Authorities said a wall of mud and debris at least several feet high rumbled down a hillside in the community of La Canada-Flintridge, crashing into homes and cars and leaving a path of destruction in its wake.
There were no reports of deaths or injuries but residents were being told to leave as another heavy downpour was expected by early Saturday afternoon.
“There are mounds and mounds of dirt piled into homes and cars have been covered up and gone into homes,” Los Angeles County Sheriff’s spokeswoman Nicole Nishida told Reuters by telephone from the scene.
“(The cars) look like toys scattered across the road,” she said.
Authorities had no immediate count of the damaged homes but Nishida said that in the neighborhood where she was working she could count at least two homes that would have to be condemned.
“A car has gone into another residence and I’m smelling a lot of gas so I think there’s a gas leak that the fire department is trying to fix,” she said.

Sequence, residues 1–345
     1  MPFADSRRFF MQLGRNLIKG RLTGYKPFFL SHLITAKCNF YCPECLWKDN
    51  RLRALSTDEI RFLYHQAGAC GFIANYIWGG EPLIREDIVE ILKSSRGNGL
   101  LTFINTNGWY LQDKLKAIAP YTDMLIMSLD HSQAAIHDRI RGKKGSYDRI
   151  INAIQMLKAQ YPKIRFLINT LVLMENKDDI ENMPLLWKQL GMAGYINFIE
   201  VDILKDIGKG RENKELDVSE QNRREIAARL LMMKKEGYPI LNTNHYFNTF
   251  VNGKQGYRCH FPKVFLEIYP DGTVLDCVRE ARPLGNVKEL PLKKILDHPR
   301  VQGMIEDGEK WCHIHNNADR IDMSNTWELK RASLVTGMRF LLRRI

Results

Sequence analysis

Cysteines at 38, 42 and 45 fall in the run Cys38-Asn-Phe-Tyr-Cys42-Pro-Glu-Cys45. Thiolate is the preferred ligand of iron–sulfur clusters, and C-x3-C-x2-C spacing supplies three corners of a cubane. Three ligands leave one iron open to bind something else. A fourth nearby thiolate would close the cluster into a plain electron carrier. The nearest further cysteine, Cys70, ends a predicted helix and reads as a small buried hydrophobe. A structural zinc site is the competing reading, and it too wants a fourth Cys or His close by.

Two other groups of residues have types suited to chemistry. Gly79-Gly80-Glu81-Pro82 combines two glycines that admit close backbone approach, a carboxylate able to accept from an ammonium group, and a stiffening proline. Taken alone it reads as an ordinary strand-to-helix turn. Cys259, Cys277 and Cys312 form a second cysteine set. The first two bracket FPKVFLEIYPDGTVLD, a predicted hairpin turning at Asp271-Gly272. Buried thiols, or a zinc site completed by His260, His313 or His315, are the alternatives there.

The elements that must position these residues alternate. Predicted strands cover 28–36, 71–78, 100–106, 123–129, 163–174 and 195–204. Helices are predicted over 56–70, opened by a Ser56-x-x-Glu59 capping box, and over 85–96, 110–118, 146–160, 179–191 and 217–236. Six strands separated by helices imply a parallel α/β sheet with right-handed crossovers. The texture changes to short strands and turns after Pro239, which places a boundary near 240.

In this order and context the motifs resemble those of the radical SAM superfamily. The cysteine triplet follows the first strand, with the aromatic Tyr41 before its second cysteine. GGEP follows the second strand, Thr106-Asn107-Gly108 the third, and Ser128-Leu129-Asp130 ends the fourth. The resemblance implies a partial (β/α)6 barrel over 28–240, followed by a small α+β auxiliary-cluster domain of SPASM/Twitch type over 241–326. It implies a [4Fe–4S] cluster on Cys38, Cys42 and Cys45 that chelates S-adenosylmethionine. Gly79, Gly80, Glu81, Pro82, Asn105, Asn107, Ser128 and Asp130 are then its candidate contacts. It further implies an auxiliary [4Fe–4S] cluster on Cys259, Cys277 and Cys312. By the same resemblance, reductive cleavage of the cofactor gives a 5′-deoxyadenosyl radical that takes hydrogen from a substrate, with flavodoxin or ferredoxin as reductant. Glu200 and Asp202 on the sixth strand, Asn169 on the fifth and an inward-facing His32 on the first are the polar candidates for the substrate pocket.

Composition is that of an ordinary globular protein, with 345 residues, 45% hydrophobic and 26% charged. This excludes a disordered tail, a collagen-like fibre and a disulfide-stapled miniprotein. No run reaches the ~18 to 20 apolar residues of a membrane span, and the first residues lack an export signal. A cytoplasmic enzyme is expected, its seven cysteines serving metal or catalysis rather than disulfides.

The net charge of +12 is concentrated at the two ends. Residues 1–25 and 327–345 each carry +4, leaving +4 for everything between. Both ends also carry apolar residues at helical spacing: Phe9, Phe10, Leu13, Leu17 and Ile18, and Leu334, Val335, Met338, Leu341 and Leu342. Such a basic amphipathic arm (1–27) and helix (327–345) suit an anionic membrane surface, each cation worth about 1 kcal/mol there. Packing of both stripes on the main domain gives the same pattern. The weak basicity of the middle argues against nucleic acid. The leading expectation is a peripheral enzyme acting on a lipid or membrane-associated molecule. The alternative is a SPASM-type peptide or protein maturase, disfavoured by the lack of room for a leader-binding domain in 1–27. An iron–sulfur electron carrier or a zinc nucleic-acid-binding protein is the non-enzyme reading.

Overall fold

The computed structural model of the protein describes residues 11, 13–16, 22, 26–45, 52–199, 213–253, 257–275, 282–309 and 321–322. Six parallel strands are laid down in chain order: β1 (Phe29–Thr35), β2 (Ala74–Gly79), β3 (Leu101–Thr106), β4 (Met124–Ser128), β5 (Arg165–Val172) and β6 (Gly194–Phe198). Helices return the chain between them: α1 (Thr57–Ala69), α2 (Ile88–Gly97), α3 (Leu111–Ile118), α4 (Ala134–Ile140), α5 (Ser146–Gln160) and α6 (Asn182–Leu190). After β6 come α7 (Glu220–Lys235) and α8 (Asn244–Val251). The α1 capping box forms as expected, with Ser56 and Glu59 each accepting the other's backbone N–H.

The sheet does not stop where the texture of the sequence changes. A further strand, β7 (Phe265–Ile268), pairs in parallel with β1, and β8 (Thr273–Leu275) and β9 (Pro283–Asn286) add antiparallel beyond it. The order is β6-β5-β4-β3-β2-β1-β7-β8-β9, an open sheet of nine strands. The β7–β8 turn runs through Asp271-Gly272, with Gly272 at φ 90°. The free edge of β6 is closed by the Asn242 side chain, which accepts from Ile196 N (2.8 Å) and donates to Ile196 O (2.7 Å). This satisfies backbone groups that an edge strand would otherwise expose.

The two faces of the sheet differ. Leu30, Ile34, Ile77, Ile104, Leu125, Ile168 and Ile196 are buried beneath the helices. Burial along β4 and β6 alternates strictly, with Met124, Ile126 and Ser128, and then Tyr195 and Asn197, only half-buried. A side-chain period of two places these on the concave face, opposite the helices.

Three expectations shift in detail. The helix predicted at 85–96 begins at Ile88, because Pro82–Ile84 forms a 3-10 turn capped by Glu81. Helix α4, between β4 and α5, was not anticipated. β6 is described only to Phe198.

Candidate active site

The mud came down on hillsides that were left barren by a massive wildfire last summer and officials had been warning that they were unstable.
Elsewhere in the Los Angeles area, flooding forced the closure of streets and at least one major freeway and overflowed curbs to wash into several businesses in Hollywood.
The National Weather Service has said that a weeklong series of storms that battered California in January were the strongest to hit the region in five years.
A silver lining has been heavy snowfall in mountain ranges that feed the California’s reservoirs, easing critical water shortages. But state water officials have been reluctant to declare the drought at an end.